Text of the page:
WASHINGTON (Reuters) - U.S. greenhouse gas emissions fell nearly 10 percent from 2005 to 2012, more than halfway toward the United States’ 2020 target pledged at United Nations climate talks, according to the latest national emissions inventory.
The report showed that emissions dropped 3.4 percent from 2012 to 2011, mostly due to a decrease in energy consumption and fuel switching from coal to natural gas.
The Environmental Protection Agency on Tuesday published the United States’ 19th annual emissions tally to the U.N. Framework Convention on Climate Change.
The United States uses 2005 pollution levels as its benchmark to measure emissions cuts, and has a target to lower emissions by 17 percent from that starting point by 2020.
Since 1990, the first year the United States kept the inventory, carbon dioxide emissions - largely energy-related emissions and the most prevalent greenhouse gas - rose just 5.4 percent.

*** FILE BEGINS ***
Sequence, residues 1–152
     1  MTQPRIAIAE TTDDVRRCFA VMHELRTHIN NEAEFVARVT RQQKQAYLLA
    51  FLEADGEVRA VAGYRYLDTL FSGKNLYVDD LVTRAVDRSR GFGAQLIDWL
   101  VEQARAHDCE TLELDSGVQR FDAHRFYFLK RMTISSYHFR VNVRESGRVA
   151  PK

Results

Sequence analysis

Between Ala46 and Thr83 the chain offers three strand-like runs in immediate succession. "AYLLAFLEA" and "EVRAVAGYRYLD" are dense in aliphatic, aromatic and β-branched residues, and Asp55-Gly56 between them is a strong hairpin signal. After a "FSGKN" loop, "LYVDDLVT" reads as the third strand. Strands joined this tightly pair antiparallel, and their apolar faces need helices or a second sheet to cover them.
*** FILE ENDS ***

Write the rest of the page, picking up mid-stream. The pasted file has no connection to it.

Meanwhile hydrofluorocarbons (HFCs), super greenhouse gases used primarily as refrigerants, saw a dramatic rise of over 309 percent.
The Obama administration has taken steps to reduce these emissions through bilateral and multilateral agreements with major polluters, including China, the world’s biggest greenhouse gas emitter, and India.
The EPA prepares the annual report in collaboration with other federal agencies and is subject to public comments.
A United Nations report released Sunday said that governments must act faster to keep global warming in check and that a radical shift from fossil fuels to low-carbon energy such as wind, solar or nuclear power would shave only about 0.06 of a percentage point a year off world economic growth.
The report, endorsed by governments, is meant as the main scientific guide for nations working on a U.N. deal to be agreed in late 2015 to rein in greenhouse gas emissions that have hit repeated highs this century, led by China’s industrial growth.
The Obama administration’s climate action plan, now being implemented, is expected to steer the United States to meet its 17 percent target by 2020.
Reporting by Valerie Volcovici; editing by Matthew Lewis